There is a saying that doctors make the worse patients. Well something very similar can be said about parents when they find themselves in a position of needing to be cared for by their adult children. They can be the worst.
No matter how we love our parents and they love us, there are moments when our elderly parents seem determined to pay us back for our teenage rebellion and every childhood tantrum .
If you are, or were, a family caregiver who provides, or provided, more than 20 hours a week of in-home care for an elderly parent living either in your home or their's and would like to share your stories, poetry, photography, humor or suggestions, I invite you to guest blog on Through The Maze.
Sharing our stories can help future family caregivers prepare for the day when they find themselves in the position of feeding, bathing and changing the diaper of the person who once did all those things for them. Life gets truly interesting when the parent-child relationship is suddenly reversed. It's a dramatically different experience than caring for a child, spouse or other relative. No matter how you try to guard against it, there is no one else in the world who can bring out your "inner child" like your parents After all, they had your entire lifetime to practice. And no experience will evoke your childhood memories and emotions in quite the same way. One moment your parent has fallen and you are helping them up and the next moment you're remembering a time that you fell and your parent picked you up. Or one moment you're reading the newspaper or a book to your parent and suddenly your mind travels back to the many times your parent read to you.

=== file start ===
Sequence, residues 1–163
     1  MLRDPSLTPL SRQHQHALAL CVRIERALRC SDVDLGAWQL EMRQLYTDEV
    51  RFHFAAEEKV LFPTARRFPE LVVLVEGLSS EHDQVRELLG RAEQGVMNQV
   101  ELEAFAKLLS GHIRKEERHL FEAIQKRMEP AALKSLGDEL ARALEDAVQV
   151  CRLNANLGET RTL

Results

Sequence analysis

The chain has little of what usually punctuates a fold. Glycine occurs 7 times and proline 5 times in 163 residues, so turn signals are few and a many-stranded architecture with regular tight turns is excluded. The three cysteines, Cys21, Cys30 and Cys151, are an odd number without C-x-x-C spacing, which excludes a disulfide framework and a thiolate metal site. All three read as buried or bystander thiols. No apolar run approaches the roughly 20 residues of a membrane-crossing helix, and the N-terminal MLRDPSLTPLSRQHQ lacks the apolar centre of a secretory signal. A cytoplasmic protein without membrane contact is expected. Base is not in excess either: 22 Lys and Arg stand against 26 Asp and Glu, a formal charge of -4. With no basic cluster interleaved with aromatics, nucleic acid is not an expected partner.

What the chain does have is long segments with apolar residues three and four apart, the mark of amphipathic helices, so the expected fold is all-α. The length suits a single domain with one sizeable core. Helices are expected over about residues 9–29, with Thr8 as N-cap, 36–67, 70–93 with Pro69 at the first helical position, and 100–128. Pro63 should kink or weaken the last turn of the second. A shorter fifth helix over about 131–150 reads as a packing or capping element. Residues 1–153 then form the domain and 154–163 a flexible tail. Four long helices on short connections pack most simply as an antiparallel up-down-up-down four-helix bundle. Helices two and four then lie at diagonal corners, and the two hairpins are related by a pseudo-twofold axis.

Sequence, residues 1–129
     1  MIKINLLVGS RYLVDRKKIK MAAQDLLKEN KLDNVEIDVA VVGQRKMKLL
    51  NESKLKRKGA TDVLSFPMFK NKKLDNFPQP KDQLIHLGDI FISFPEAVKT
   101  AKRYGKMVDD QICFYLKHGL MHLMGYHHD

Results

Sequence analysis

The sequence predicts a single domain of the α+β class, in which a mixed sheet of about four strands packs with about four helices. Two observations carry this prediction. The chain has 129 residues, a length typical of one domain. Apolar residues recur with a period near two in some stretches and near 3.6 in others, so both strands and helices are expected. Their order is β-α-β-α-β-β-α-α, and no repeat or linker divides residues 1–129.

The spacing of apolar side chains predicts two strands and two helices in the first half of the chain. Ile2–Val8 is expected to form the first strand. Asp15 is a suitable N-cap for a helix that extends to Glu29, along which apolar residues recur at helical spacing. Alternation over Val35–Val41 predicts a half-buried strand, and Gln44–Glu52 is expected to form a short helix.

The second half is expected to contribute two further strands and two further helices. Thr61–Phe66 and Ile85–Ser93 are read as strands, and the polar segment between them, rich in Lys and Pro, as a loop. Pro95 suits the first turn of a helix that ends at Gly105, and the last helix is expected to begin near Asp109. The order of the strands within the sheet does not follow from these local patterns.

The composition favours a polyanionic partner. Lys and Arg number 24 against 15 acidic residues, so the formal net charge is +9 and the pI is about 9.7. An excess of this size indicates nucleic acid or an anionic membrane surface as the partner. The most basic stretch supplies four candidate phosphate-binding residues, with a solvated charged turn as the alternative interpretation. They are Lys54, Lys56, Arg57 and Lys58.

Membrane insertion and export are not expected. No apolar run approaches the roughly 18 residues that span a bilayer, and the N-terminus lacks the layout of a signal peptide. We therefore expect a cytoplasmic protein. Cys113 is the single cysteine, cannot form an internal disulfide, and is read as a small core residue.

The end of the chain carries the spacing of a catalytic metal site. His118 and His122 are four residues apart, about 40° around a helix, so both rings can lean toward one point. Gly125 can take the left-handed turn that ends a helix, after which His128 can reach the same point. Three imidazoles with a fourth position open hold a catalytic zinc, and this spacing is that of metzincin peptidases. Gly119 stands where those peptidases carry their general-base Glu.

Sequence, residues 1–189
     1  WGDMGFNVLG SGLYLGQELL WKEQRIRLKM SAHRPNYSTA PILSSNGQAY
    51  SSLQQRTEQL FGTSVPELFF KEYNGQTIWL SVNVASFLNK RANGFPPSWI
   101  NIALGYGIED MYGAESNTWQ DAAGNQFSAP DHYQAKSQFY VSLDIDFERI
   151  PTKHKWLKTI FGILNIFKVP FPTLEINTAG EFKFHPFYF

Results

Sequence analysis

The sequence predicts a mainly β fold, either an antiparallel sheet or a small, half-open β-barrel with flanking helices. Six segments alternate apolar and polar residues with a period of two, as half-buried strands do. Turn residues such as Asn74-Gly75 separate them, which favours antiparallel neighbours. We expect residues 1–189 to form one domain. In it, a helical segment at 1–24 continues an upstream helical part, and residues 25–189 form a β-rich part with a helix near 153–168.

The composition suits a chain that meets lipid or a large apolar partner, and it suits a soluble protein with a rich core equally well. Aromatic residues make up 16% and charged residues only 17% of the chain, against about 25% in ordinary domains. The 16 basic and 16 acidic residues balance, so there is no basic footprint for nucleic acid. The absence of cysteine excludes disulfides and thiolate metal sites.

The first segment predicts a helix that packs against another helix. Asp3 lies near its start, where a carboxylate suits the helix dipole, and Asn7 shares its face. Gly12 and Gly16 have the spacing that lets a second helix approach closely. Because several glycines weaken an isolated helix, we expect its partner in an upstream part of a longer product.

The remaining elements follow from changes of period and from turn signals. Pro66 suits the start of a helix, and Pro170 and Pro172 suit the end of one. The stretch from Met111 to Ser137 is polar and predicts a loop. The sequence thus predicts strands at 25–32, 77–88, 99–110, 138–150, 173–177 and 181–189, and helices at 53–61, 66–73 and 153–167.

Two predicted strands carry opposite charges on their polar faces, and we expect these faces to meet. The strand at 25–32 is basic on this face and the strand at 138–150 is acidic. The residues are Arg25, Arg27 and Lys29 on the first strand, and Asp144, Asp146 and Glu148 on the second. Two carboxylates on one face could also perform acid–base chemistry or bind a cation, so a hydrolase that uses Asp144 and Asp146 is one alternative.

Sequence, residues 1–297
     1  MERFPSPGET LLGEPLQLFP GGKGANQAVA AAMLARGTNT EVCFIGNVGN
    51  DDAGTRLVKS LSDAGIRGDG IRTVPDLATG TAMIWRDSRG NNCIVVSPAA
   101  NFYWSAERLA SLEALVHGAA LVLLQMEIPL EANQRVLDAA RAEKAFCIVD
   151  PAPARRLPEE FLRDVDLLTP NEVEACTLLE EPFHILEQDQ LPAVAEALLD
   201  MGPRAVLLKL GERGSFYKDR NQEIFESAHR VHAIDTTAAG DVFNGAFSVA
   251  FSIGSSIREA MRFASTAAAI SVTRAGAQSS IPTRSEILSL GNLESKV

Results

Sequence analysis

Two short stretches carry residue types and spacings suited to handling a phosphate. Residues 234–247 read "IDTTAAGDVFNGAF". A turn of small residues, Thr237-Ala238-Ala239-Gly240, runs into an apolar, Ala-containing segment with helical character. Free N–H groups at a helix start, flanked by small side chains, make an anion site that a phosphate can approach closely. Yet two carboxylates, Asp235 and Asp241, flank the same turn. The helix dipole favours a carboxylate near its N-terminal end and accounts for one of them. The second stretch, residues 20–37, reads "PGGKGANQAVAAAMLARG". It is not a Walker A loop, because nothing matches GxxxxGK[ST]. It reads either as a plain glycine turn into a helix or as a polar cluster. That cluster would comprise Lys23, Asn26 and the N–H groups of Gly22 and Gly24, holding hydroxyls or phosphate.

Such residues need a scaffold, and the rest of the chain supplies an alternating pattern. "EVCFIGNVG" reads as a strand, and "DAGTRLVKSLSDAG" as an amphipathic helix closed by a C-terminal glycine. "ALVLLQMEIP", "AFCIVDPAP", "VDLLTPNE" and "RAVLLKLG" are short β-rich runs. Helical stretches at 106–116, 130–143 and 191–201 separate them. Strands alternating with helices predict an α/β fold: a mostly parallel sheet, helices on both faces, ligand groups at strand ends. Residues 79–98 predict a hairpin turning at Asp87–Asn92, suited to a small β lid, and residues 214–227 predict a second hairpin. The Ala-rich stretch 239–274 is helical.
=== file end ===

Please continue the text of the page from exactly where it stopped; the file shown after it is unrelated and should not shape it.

By sharing our stories of the day-to-day, sometimes year-to-year, care of a parent, we can help others know that they are not alone in their experience. It is emotionally difficult to watch a parent struggle with the effects of aging or battle arthritis, cancer, Alzheimer's, Parkinson's or any other form of life stealing disease. And as beautiful as the moment can be, no child of any age is truly prepared to be present to hold the hand and say goodbye to someone who has been a part of their life since they breathed their first breath.
And if you're a sandwich generation caregiver, sharing your story might help your teenager understand why your parent just got away with telling you to "shut up" but they can't. :-)
If you're interested in guest blogging here on Through The Maze email me at email@example.com.
Or if you're already blogging on this topic, posting on another blog, or host your own blog, feel free to share a link to your posts or blog in the comments section. This isn't a competition, it's a community of family caregivers who know what it is to walk a mile in each other's shoes. Or as I like to say, journey through the maze of life.